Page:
Everything I Know About Canoes & Kayaks, I Learned At The National Slalom Championships
The son of two elite paddlers, Henry has been in a kayak since the age of 3 ½ (well, other than for meals and bedtime stories). He’s been competing in junior events since he was 6.
He was in Maryland recently – as was I – to take in the USA Canoe/Kayak Slalom National Championships at the Bethesda Center of Excellence training center. There was one small detail that differentiated our visits though. Henry was there to compete in the National Championships.
Aside from what this says about Henry Hyde, it also speaks volumes about the ascendant state of this sport in America, for while he was the youngest competitor to tackle the difficult whitewater course, he was by no means the only person under the age of 20. And they were all here to compete on the same course and under the same conditions as decorated Olympians.
While Henry never had a realistic chance of medaling, he acquitted himself well, and there is no doubt in my mind after watching him that he will compete for an Olympic gold medal as early as 2016. As long as he does his chores and his homework in the meantime.
Canoe and kayak slalom rules are simple. Paddlers have two trials in which to negotiate the river in as short a time as possible, and the faster of those two runs is their score for the event. Where it gets tricky is the penalty seconds. If a paddler touches a gate they are assessed a two-second penalty. Should they miss a gate entirely, 50 seconds are added to their time.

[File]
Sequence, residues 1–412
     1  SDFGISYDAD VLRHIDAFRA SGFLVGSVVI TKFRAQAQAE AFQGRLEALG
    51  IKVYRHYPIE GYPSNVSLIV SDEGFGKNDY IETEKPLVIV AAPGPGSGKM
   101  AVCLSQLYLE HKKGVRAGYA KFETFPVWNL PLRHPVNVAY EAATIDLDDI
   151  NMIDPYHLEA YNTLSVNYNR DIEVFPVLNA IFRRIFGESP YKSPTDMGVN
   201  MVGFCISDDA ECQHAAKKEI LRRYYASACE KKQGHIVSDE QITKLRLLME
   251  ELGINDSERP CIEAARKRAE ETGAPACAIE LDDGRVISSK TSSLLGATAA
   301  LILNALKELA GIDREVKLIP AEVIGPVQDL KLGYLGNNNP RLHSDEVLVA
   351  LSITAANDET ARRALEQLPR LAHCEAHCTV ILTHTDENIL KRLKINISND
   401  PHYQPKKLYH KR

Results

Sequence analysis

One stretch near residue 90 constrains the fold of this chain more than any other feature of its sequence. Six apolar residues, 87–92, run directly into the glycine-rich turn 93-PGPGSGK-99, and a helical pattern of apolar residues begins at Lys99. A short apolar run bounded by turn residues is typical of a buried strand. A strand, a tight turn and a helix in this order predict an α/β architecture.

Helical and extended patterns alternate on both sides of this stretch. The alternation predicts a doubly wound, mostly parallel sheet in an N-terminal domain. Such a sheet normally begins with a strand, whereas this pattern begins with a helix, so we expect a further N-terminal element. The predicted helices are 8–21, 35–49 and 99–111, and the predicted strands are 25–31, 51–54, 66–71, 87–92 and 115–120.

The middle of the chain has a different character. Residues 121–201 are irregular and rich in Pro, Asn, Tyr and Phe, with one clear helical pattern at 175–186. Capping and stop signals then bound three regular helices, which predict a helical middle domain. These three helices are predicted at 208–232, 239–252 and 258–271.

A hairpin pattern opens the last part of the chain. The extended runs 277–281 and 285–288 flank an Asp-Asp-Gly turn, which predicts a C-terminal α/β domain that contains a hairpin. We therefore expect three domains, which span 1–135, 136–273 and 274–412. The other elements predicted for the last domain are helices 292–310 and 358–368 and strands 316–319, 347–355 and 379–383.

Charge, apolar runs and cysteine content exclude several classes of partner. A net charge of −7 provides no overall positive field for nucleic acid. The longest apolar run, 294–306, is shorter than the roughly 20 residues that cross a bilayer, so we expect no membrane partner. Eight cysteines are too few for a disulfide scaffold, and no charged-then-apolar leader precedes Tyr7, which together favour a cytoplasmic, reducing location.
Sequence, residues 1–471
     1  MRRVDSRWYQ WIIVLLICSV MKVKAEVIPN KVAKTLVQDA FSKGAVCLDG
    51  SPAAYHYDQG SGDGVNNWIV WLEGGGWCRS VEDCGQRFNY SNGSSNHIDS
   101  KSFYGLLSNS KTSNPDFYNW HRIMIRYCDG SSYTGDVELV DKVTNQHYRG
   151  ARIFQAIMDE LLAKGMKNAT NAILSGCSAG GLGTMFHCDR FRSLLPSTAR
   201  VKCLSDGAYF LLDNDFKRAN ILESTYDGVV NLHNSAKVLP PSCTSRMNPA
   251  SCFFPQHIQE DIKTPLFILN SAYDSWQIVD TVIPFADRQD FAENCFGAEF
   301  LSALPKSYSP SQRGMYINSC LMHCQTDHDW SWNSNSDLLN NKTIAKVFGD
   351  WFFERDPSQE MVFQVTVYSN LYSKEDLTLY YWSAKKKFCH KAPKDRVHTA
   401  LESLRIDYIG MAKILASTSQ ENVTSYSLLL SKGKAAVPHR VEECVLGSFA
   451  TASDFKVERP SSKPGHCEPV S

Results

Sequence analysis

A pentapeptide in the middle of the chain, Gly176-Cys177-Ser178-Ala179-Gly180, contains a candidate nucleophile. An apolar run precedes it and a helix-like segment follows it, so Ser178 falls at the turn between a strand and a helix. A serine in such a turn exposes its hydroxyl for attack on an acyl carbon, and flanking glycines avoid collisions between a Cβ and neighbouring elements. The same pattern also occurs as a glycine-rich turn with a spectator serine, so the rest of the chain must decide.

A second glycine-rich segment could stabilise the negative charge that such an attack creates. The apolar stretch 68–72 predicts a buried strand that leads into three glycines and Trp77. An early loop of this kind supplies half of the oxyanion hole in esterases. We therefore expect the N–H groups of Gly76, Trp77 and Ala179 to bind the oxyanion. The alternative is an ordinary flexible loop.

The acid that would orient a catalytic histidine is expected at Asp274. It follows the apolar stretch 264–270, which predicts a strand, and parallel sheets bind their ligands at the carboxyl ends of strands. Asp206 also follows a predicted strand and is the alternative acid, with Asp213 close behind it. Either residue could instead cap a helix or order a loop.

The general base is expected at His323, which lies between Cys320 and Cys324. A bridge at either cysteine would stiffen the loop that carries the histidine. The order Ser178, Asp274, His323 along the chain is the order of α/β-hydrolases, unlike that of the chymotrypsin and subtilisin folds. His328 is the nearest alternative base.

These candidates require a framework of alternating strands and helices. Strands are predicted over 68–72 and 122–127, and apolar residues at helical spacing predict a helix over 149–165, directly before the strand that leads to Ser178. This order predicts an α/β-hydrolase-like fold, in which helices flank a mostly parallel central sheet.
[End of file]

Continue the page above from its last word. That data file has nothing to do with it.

You can recover from touching a gate, but missing one pretty much precludes you from medaling. To the best of my knowledge, there were only four runs all day in which no penalty seconds were assessed. This just in…this sport is hard.
From the very first run, the competition was much different than I had envisioned – largely due to the dual direction of the course. Although one’s performance is ultimately measured in the amount of time it takes to negotiate 22 gates over a quarter mile of rapids, this sport is not about pure speed. This is because many of the gates that the paddlers must negotiate require them to reverse course and paddle upstream against the current. Should a paddler get going too quickly through the green-colored downstream gates, it’s more than likely they’ll give back all the time they’ve gained as they struggle back upstream to go through the red gates.
Even going downstream requires a battle with the current, as the key is to continually position yourself on the right side of the river from which to attack the next gate. Steering oneself is at least as important as propelling oneself – and both require a great deal of upper body strength and dexterity. In the end, the true currency of success is in charting a course that requires the least number of paddles.
Much like synchronized swimming, this is one of those sports that to see in person is to be awed by the talent that it requires to merely compete – let alone to excel.
In setting up the competition, the organizers seeded and “bibbed” (OK, I made up that term) paddlers in the inverse order of the number of qualifying points they’d earned in various competitions throughout the year. Consequently, the least decorated and typically younger paddlers went first, followed by more and more experienced athletes, finally culminating in anchor spot runs by experienced Olympians.
I could literally watch the evolution of what that additional experience delivers.